The Georgia Aquarium is not teaching a genuine love of animals.  Whatever else, it is teaching that it is acceptable to disrespect nature.  To control it.  To see it as an asset.

I think I just vomited in my mouth.

Transcript, SVP Marketing, Georgia Aquarium:

After our success with our swim-with-the-whale-shark program, and, and, really, that was our first attempt as a team to look at marketing opportunities. It hit us right between the eyes, that every day there are five or six hundred people here that have contact with the guests coming through the Georgia Aquarium.  They also have great ideas.  Because of their work place, they see what is happening in that work place every day.  So through our training staff and through our volunteer staff, we meet on a quarterly basis to just explore new ideas.

Right after we instituted the swim-with-the-whale-shark program, we were looking at other ways to drive attendance, and the Jazz Festival happened to be in town; and one of our employees came to me and said, “You know, we could have our own Jazz Nights at the Georgia Aquarium.”  So we said, “Hey, let’s go for it.”  And so, in that first year, we, we instituted Jazz Nights every Friday from May through September, and generated more than 40,000 additional guests through the door.  So, not only, you know, did we have an idea, we implemented that idea and had tremendous success from it.  So we continue to do that on a quarterly basis: look at ideas, look at our assets, not necessarily going outside and bringing new assets in.  You can’t build a hundred and ten million dollar dolphin exhibit every month, or every six months, or even every five years.  So you’ve got to take the assets that you have, invest in those assets, develop those assets, and figure out a way to make them really productive for ya.  And that’s what we’ve been able to do with this employee group that, by quarterly just sitting down, and, and bringing their ideas out.  And much of it is information they’ve garnered from guests, talking to the guests on the floor.  That’s the way we got the dolphins.  It was the Number 1 requested animal.  But other activities, you know, that, that people want to do – our guests and our employees are the best source of information to go to and find that information.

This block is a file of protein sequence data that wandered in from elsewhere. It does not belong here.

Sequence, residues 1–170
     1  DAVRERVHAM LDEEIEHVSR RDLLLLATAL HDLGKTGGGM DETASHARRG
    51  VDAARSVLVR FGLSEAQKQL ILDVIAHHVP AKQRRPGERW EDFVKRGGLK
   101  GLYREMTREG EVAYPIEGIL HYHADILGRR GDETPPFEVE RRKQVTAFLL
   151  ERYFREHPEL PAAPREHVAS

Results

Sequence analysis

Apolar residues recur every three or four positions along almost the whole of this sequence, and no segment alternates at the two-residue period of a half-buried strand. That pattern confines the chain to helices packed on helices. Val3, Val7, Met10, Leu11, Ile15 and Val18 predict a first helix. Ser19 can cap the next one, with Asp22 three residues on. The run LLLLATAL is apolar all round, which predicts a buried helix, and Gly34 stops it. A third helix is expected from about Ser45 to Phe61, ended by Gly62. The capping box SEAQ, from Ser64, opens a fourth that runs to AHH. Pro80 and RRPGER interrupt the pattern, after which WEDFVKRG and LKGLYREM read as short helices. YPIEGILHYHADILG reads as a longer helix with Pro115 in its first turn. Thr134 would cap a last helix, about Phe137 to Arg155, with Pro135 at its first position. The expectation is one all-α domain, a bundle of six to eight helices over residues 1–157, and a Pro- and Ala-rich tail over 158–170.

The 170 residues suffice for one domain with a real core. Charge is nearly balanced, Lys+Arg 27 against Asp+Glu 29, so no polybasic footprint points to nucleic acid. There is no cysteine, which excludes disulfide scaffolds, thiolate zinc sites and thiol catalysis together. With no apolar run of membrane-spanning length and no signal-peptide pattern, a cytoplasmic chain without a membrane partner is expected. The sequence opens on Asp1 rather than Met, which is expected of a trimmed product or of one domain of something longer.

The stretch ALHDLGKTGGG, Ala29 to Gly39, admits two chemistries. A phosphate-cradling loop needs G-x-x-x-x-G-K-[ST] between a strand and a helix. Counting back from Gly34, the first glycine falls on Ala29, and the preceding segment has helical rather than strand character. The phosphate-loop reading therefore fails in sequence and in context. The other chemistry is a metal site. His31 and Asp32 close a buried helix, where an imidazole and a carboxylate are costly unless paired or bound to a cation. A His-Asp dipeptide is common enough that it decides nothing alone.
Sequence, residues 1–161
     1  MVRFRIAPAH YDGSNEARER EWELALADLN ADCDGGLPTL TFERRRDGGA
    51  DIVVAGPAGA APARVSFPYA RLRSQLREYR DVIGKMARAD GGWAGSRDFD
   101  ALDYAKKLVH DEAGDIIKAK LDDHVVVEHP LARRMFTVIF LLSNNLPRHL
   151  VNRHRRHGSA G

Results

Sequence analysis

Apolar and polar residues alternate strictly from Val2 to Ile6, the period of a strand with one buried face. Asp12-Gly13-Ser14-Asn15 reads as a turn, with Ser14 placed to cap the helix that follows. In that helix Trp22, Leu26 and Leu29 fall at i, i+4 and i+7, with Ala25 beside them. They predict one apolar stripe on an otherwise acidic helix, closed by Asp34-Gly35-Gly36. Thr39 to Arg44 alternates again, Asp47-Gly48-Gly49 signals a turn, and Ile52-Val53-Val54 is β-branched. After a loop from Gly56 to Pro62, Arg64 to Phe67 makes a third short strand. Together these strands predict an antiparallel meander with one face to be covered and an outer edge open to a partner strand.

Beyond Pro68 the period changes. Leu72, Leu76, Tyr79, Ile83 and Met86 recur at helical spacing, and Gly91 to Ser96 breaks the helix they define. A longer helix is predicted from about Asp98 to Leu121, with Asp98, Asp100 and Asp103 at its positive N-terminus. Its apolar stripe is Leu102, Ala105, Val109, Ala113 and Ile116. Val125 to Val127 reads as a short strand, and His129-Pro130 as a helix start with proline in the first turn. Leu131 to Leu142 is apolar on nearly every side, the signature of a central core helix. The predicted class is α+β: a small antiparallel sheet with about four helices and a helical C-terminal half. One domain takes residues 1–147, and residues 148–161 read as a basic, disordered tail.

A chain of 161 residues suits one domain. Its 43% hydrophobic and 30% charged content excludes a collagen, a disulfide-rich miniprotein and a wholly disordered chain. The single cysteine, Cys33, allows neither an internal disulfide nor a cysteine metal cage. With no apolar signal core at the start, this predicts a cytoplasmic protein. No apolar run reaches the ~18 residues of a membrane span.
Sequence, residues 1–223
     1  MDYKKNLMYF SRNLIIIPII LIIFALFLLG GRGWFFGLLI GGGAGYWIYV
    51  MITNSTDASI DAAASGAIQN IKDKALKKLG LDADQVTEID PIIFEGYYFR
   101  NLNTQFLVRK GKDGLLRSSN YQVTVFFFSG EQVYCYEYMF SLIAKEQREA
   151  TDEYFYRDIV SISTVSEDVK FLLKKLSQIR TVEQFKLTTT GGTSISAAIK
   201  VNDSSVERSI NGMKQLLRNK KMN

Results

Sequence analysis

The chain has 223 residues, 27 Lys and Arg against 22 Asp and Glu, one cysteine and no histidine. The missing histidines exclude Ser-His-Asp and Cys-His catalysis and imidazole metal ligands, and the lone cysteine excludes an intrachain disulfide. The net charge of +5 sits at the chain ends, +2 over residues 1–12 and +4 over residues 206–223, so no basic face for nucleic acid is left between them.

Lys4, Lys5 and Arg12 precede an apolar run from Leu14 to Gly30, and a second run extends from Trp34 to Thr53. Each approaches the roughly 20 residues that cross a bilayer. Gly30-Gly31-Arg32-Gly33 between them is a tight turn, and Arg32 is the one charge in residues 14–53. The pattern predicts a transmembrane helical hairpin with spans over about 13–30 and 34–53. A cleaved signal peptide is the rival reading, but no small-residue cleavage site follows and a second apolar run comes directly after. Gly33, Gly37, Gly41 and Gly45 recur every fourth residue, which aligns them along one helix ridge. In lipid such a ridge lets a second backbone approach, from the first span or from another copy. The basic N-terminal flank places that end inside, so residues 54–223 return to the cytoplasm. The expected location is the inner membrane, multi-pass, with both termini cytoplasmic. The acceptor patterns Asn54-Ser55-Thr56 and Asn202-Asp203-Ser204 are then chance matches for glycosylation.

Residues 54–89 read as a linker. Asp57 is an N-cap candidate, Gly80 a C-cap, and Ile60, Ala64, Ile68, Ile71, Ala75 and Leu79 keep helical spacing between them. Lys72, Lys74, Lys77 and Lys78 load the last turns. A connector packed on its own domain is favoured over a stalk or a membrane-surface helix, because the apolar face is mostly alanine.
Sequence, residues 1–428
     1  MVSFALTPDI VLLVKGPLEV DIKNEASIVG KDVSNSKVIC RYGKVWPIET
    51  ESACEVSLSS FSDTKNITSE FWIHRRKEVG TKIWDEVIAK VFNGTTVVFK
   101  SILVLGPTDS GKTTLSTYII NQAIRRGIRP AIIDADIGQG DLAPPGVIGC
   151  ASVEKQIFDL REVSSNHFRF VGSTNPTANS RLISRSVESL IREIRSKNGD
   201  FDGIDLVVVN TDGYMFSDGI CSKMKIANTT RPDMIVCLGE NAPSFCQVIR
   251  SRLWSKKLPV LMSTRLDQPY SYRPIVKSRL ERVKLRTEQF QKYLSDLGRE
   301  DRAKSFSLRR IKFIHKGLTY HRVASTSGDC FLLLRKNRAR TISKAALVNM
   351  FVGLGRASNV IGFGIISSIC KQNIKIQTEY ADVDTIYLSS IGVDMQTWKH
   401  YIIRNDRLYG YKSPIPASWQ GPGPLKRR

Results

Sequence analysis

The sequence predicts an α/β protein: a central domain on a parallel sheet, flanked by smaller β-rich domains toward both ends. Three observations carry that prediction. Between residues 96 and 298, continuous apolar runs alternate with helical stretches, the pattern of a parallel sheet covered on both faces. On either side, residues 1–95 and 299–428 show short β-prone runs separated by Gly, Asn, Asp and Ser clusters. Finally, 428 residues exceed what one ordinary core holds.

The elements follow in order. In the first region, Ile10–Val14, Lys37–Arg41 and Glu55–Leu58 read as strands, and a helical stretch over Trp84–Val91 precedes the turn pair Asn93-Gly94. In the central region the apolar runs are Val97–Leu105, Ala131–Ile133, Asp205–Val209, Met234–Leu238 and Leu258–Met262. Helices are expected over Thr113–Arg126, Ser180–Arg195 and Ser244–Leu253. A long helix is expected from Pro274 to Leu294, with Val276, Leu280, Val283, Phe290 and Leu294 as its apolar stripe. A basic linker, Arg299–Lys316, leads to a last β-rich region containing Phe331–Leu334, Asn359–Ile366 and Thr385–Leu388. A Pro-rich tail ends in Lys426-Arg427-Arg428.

You can’t build a hundred and ten million dollar dolphin exhibit every month, or every six months, or even every five years.  So you’ve got to take the assets that you have, invest in those assets, develop those assets, and figure out a way to make them really productive for ya.